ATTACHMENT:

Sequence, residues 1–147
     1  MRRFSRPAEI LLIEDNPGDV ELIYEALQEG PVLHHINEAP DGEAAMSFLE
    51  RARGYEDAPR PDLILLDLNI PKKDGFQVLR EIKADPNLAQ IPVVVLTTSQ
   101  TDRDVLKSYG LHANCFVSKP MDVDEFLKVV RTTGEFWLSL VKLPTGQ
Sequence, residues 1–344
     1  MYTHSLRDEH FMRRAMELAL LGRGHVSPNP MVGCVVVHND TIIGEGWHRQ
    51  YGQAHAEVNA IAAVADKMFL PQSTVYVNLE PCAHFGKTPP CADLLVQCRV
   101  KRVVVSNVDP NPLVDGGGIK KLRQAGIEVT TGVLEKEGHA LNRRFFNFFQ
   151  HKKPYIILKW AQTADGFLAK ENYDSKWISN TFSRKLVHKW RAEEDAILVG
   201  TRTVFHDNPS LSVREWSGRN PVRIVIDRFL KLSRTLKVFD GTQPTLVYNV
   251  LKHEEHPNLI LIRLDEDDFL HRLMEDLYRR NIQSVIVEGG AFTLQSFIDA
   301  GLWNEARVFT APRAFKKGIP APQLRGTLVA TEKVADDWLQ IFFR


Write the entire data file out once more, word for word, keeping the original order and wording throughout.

Sequence, residues 1–147
     1  MRRFSRPAEI LLIEDNPGDV ELIYEALQEG PVLHHINEAP DGEAAMSFLE
    51  RARGYEDAPR PDLILLDLNI PKKDGFQVLR EIKADPNLAQ IPVVVLTTSQ
   101  TDRDVLKSYG LHANCFVSKP MDVDEFLKVV RTTGEFWLSL VKLPTGQ
Sequence, residues 1–344
     1  MYTHSLRDEH FMRRAMELAL LGRGHVSPNP MVGCVVVHND TIIGEGWHRQ
    51  YGQAHAEVNA IAAVADKMFL PQSTVYVNLE PCAHFGKTPP CADLLVQCRV
   101  KRVVVSNVDP NPLVDGGGIK KLRQAGIEVT TGVLEKEGHA LNRRFFNFFQ
   151  HKKPYIILKW AQTADGFLAK ENYDSKWISN TFSRKLVHKW RAEEDAILVG
   201  TRTVFHDNPS LSVREWSGRN PVRIVIDRFL KLSRTLKVFD GTQPTLVYNV
   251  LKHEEHPNLI LIRLDEDDFL HRLMEDLYRR NIQSVIVEGG AFTLQSFIDA
   301  GLWNEARVFT APRAFKKGIP APQLRGTLVA TEKVADDWLQ IFFR